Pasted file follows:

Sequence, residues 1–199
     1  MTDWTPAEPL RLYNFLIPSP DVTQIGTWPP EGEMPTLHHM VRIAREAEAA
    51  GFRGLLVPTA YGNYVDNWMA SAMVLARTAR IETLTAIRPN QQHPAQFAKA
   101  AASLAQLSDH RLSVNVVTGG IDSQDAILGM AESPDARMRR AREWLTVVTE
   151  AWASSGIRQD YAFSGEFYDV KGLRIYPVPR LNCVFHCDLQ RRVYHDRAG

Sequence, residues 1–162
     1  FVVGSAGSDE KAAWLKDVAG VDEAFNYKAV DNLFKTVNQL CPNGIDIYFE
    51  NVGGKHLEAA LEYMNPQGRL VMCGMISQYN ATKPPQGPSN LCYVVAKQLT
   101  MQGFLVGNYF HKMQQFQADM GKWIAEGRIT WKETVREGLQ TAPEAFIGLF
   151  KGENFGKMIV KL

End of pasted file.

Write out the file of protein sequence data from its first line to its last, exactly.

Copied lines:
Sequence, residues 1–199
     1  MTDWTPAEPL RLYNFLIPSP DVTQIGTWPP EGEMPTLHHM VRIAREAEAA
    51  GFRGLLVPTA YGNYVDNWMA SAMVLARTAR IETLTAIRPN QQHPAQFAKA
   101  AASLAQLSDH RLSVNVVTGG IDSQDAILGM AESPDARMRR AREWLTVVTE
   151  AWASSGIRQD YAFSGEFYDV KGLRIYPVPR LNCVFHCDLQ RRVYHDRAG

Sequence, residues 1–162
     1  FVVGSAGSDE KAAWLKDVAG VDEAFNYKAV DNLFKTVNQL CPNGIDIYFE
    51  NVGGKHLEAA LEYMNPQGRL VMCGMISQYN ATKPPQGPSN LCYVVAKQLT
   101  MQGFLVGNYF HKMQQFQADM GKWIAEGRIT WKETVREGLQ TAPEAFIGLF
   151  KGENFGKMIV KL